“IPv6 was built from the ground up with security in mind and it encrypts the traffic and checks packet integrity while actively providing a VPN-like protection in standard Internet traffic. This is very different from the not-so-secure internet we use today.”


 

WashingtonExec:  Do you think mobile devices help or hurt productivity?

Martin Gillespie:  In my opinion, they absolutely help with productivity. They significantly extend a user’s ability to get the job done anywhere, anyplace, and at any time. Security is always going to be a concern but mobile is really no different than other connected devices aside from the fact that there are many more of them. I believe that we are actually looking at “Bring Your Own Device” (BYOD) wrong.

Neutering devices and restricting their functionality is effectively removing the mobile aspect. Having to deal with issues like what to do when an agency erases the only copy of someone’s wedding pictures is not the best use of tax payer’s dollars. Instead, mobile apps should be developed to access information across the Internet securely but without exposing the network or those databases to the outside world. Data should never be stored on the devices and should only be present for the short time it is actually being viewed.

 


“What we are really looking at, from a mobility play, is app development. Our knowledge and expertise is developing solutions, whether they are for a citizen or for the agencies mission, to make the processes more efficient for those users of the mobile apps.”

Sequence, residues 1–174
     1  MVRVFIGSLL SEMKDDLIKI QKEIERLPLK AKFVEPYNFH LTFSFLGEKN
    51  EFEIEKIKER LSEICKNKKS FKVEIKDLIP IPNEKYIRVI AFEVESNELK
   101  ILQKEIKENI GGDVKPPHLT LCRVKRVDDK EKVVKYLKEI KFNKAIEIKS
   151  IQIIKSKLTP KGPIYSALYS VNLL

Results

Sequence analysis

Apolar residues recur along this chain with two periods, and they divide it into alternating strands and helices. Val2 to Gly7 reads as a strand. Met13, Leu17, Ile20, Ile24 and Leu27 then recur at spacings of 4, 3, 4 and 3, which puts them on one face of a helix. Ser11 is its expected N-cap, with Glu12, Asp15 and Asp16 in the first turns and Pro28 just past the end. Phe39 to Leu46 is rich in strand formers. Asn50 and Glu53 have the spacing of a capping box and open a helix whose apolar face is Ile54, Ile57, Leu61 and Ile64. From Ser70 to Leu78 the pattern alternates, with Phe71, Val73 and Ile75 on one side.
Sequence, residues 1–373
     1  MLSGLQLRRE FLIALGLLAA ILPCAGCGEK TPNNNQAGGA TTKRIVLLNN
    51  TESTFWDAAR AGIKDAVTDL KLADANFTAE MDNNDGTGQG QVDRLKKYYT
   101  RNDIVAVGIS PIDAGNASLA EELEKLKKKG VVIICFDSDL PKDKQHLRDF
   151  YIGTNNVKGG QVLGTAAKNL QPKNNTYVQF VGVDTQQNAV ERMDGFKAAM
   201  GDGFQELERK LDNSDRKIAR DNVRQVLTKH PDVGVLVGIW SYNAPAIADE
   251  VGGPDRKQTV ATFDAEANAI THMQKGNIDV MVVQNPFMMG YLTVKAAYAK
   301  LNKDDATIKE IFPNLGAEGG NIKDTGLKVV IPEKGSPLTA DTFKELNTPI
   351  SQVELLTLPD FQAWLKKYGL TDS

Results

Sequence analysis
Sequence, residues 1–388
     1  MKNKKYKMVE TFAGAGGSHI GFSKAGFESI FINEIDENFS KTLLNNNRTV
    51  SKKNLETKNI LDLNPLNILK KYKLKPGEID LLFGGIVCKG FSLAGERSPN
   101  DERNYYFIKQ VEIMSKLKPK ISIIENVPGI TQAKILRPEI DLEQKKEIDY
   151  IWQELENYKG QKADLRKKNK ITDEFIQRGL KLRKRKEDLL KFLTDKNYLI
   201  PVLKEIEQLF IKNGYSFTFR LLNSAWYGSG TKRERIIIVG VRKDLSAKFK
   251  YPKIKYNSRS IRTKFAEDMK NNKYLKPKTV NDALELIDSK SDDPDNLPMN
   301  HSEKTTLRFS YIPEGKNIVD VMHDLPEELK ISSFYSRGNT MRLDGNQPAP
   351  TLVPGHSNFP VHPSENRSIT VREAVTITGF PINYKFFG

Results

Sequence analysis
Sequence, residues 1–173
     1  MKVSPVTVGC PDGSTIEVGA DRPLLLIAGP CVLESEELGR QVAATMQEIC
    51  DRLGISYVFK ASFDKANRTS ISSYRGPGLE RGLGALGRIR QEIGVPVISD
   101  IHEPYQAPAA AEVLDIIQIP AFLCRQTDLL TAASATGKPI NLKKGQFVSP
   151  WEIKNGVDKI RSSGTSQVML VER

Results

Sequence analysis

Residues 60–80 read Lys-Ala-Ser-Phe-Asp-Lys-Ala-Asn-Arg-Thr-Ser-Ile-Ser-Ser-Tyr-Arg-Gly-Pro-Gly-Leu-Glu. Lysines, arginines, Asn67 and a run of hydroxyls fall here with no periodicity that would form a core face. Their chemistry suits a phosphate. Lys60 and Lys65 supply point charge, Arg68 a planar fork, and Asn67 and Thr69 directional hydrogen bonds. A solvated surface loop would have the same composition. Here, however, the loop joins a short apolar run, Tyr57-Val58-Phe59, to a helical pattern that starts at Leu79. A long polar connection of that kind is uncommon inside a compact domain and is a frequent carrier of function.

WashingtonExec:  Could you talk a little about IPV6 and how it affects Internet users? What are the benefits of IPV6, for people who are unfamiliar, and why is it necessary?

Martin Gillespie:  Mobility is one of the reasons why IPv6 is needed. The IPv4 protocol, or standard, is out of physical addresses and every mobile device needs one. With IPv6 every mobile device will actually be able to have its own unique IP address and it will no longer be reliant on network address translation.

IPv6 was built from the ground up with security in mind and it encrypts the traffic and checks packet integrity while actively providing a VPN-like protection in standard Internet traffic. This is very different from the not-so-secure internet we use today. The downside here is that this new protocol needs to be monitored during the long transition period between IPv4 and IPv6. The makers of new IPv6 compliant devices are not providing the transition-type of coverage, resulting in the introduction of exploitable vulnerabilities during this transition period.

WashingtonExec:  How are you all approaching the new LPTA environment in the market place? What is your market outlook for 2014?  

Martin Gillespie:  I do not think LPTA is a major issue when it comes to mobility as mobility is broken down into multiple parts. A lot of organizations today will call mobility “the purchasing of a smart phone and its associated voice and data services.” What we are really looking at, from a mobility play, is app development. Our knowledge and expertise is developing solutions, whether they are for a citizen or for the agencies mission, to make the processes more efficient for those users of the mobile apps.

In that case mobility is going to be no different than any other opportunity that the government is exposing to competition. It will certainly come into play; whether it is low price or set aside for small businesses. LPTA is one of the factors that we have to consider as a large business trying to secure mobile opportunities.

WashingtonExec:  Have you seen a change or improvement in acquisition life cycle process?

Martin Gillespie:  I have not seen a shift. I think it always takes longer than anyone expects. It depends on what acquisition vehicle the buying agency is using and the timelines associated with moving things through the specific set of processes. It depends on budgets and other factors that are sometimes politically controlled- such as shutdowns and things like that. I think that the answer is – no, I have not seen any big movement to make it better or to make it worse, it is pretty much business as usual.